A new study of prescription antidepressants published this week suggests the drugs may be no more effective than placebo in treating the most common forms of depression.
“Although patients get better when they take antidepressants, they also get better when they take a placebo, and the difference in improvement is not very great,” said the study's lead researcher Irving Kirsch, a professor of psychology at the University of Hull in Great Britain, in a prepared statement. “This means that depressed people can improve without chemical treatments.”
Kirsch and colleagues collected data on 35 clinical trials of antidepressant selective serotonin reuptake inhibitors (SSRIs) submitted to the FDA. Drugs in the trials included fluoxetine (Prozac), venlafaxine (Effexor), nefazodone (Serzone) and paroxetine (Paxil).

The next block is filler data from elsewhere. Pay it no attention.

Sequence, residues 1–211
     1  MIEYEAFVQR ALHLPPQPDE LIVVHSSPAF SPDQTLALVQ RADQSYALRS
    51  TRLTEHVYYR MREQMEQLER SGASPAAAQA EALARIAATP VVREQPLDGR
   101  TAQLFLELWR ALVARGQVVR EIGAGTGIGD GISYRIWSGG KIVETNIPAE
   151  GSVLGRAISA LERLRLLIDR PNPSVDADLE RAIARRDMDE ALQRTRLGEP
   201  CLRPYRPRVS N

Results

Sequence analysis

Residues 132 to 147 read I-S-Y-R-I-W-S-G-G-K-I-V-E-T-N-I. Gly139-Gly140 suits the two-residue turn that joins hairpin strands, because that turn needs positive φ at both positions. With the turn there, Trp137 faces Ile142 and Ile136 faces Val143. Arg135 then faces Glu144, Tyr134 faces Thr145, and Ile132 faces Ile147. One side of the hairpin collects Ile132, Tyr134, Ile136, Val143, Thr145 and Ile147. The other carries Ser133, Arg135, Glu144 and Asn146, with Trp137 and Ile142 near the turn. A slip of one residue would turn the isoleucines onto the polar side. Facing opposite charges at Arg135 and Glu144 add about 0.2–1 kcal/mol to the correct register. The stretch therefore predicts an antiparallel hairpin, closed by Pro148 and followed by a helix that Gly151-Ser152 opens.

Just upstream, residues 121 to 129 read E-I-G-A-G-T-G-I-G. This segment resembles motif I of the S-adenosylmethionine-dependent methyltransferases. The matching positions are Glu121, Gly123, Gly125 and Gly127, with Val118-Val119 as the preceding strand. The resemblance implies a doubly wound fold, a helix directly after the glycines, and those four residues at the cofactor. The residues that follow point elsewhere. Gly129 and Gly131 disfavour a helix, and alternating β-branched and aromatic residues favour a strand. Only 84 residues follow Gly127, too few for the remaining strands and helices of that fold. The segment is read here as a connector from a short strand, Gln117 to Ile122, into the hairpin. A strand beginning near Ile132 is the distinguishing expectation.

According to Kirsch's analysis of the data, patients taking the antidepressant drugs fared no better than patients taking placebo. The result appeared to be the same in patients who were mildly or moderately depressed. The antidepressants appeared to benefit a small group of patients with severe depression, the study found.
The findings were published online Feb. 25 in the journal PLoS Medicine. For more, information click here.
Global sales of antidepressants were approximately $21 billion in 2007.